accidents_df = pd.read_csv(f"{kh.get_samples_dir()}/AccidentsSummary/Accidents.txt", sep="\t", encoding="latin1")
vehicles_df = pd.read_csv(f"{kh.get_samples_dir()}/Accidents/Vehicles.txt", sep="\t", encoding="latin1")
users_df = pd.read_csv(f"{kh.get_samples_dir()}/Accidents/Users.txt", sep="\t", encoding="latin1")
X = {
    "main_table": "Accidents",
    "tables": {
        "Accidents": (accidents_df.drop("Gravity", axis=1), "AccidentId"),
        "Vehicles": (vehicles_df, ["AccidentId", "VehicleId"]),
        "Users": (users_df, ["AccidentId", "VehicleId"]),
    },
    "relations": [
        ("Accidents", "Vehicles"),
        ("Vehicles", "Users"),
    ],
}

Both datasets can be found in the Khiops samples directory.

Multi-table learning with the Core API#

The functions in khiops.core that allow using multi-table datasets have the optional parameter additional_data_tables. This dictionary links the secondary tables to their data file paths and it’s indexed by their data paths which are specified as the regular expression:

root_table_name(`table_variable_name)*

Specifically:

  • the data path for a root table is its name

  • the data path for a secondary table is composed of the name of its source root table followed by the chain of table variable names leading to it. The path parts are separated by a backtick `.

Types of secondary tables include:

  • Table type: sub-tables in a 0:n relationship

    • Example: A “Customers” main table with a “Services” secondary table describing the services that each customer has subscribed to. So a customer can have zero services (inactive customer) or one or many.

  • Entity table: sub-tables in a 0:1 relationship

    • Example: A “Customers” main table with a “Address” secondary table describing the address of a customer with fields such as “Street”, “StreetNumber”, etc. In this setting a customer can have at most one address.

  • External data tables: Another table set (with a Root table) that is entirely loaded in memory

    • Example: The “Address” sub-table in the example above can point to a table “City” containing information about the city where the address is located. The number of cities is much smaller than the number of addresses so it may make sense to load it entirely in memory for efficiency reasons.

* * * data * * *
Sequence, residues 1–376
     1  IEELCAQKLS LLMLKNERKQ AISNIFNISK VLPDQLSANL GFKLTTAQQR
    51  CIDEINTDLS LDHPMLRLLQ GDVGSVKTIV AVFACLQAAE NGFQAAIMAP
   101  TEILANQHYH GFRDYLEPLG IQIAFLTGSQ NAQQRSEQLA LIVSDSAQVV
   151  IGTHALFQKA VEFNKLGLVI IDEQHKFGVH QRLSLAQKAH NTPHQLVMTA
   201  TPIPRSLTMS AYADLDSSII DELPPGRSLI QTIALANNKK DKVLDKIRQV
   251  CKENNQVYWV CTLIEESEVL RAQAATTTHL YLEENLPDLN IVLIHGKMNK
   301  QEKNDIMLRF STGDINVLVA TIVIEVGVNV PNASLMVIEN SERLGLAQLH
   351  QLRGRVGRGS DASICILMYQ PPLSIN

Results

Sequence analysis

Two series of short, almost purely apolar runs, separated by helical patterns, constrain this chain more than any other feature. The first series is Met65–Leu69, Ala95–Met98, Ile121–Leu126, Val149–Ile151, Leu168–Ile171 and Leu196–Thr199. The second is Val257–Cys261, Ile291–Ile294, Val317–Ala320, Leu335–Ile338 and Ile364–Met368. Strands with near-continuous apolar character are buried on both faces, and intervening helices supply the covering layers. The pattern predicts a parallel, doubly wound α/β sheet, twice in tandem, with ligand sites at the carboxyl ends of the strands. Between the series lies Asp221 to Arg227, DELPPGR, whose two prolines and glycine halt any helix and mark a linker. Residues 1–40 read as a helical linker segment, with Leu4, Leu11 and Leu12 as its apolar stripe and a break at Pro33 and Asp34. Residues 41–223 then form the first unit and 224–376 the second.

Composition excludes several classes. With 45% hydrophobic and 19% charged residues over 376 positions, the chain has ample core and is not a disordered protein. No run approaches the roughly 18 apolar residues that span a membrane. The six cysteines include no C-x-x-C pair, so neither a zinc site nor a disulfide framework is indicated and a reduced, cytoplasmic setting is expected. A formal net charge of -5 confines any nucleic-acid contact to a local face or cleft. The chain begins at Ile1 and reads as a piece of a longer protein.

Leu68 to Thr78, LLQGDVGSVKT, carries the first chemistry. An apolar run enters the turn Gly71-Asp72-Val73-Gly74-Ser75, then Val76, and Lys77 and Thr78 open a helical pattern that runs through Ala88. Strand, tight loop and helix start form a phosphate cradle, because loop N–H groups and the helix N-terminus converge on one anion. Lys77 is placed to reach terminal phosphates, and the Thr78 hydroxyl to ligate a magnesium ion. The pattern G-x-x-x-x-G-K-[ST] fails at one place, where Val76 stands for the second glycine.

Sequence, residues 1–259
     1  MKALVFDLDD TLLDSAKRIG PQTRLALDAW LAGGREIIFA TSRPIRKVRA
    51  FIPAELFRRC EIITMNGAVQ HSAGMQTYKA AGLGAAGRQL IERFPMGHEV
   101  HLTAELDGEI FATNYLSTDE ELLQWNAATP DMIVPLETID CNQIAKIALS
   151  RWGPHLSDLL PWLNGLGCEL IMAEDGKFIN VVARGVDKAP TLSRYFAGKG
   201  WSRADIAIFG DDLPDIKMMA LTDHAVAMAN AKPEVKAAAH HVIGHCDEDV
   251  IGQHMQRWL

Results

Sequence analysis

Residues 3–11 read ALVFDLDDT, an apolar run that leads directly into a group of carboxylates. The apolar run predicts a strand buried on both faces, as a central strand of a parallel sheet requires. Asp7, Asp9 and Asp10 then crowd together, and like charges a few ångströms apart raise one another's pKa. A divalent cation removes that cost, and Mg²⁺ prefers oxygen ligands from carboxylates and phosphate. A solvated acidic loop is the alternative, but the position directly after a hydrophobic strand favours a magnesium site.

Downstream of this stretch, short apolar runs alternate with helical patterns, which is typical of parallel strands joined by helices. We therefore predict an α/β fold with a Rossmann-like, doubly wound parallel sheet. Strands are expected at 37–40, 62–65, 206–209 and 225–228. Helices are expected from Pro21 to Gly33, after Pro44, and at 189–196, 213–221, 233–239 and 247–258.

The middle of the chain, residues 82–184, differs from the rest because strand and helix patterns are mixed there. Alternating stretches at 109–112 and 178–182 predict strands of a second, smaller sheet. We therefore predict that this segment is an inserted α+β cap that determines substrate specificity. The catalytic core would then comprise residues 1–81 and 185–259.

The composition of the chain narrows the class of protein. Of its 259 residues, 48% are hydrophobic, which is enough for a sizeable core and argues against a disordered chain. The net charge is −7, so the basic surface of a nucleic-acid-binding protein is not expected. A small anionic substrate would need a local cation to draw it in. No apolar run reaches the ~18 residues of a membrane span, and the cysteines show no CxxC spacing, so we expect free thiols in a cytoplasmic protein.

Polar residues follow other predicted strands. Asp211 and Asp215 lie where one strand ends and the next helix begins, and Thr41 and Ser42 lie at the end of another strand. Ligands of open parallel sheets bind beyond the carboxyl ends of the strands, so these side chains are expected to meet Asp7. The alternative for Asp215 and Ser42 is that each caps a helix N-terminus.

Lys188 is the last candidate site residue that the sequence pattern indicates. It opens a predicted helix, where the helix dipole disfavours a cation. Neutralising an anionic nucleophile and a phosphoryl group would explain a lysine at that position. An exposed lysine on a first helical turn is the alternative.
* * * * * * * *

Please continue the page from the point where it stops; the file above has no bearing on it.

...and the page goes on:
Note that besides the root table names the components of a data path are table variable names and not table names. For further details about the multi-table capabilities of Khiops refer to the documentation at the Khiops site.

The class DictionaryDomain provides the helper method extract_data_paths that extracts the data paths from a given root dictionary.

Note

To execute multi-table tasks, Khiops requires the data table files to be sorted by their key columns. You may use the sort_data_table function to preprocess your data files before executing these tasks.

Examples#

Star Schema#

Let’s consider the following Khiops dictionary file for the AccidentsSummary dataset found in Khiops samples. Note that tables in this dataset are related through a star schema.

# samples/AccidentsSummary/Accidents.kdic
Root Dictionary Accident(AccidentId)
{
  Categorical AccidentId;
  Categorical Gravity;
  // <more variables ...>
  Table(Vehicle) Vehicles; // This is a table variable (type Table)
};

Dictionary Vehicle(AccidentId, VehicleId)
{
 Categorical AccidentId;
 Categorical VehicleId;
 Categorical Direction;
 Categorical Category;
 // <more variables ...>
};

This dictionary represents the following relational schema:

Accident(AccidentId)
|
+---1:n--- Vehicle(AccidentId, VehicleId)

In this case the additional_data_tables argument consists of only one path: that of the secondary table Vehicle. Since it is pointed by the main table Accident via the table variable Vehicle the additional_data_tables parameter should be set as:

additional_data_tables = {"Accident`Vehicles": f"{kh.get_samples_dir()}/Vehicles.txt"}

Snowflake Schema#

Let’s now consider the dictionary file for the Accidents dataset where tables are related through a snowflake schema.

# samples/Accidents/Accidents.kdic
Root Dictionary Accident(AccidentId)
{
  Categorical AccidentId;
  // The target "Gravity" is calculated from a sub-table
  // See: https://khiops.org/setup/KhiopsGuide.pdf#page=58
  Categorical       Gravity = IfC(
      G(TableSum(Vehicles, TableCount(TableSelection(Users, EQc(Gravity, "Death")))), 0),
      "Lethal", "NonLethal");
  // <more variables..>
  Entity(Place) Place; // This is a table variable type Entity: 1-1 relation)
  Table(Vehicle) Vehicles; // This is a table variable (type Table)
};

Dictionary Place(AccidentId)
{
  Categorical AccidentId;
  Categorical RoadType;
  // <more variables..>
  Categorical SchoolNear;
};


Dictionary Vehicle(AccidentId, VehicleId)
{
  Categorical AccidentId;
  Categorical VehicleId;
  // <more variables..>
  Table(User) Users; // This is a table variable (type Table)
};

Dictionary User(AccidentId, VehicleId) {
  Categorical AccidentId;
  Categorical VehicleId;
  Categorical Seat;
  Categorical Category;
  Unused Categorical Gravity; // Must be disabled since the target is a function of it
  // <more variables..>
  Numerical BirthYear;
};

This time, the relational schema is as follows:

Accident(AccidentId)
|
+--- 1:n --- Vehicle(AccidentId, VehicleId)
|            |
|            +--- 1:n --- User(AccidentId, VehicleId)
|
+--- 1:1 --- Place(AccidentId)

The additional_data_tables parameter must be set as:

additional_data_tables = {
    "Accident`Place": "/path/to/Places.txt",
    "Accident`Vehicles": "/path/to/Vehicles.txt",
    "Accident`Vehicles`Users": "/path/to/Users.txt"
}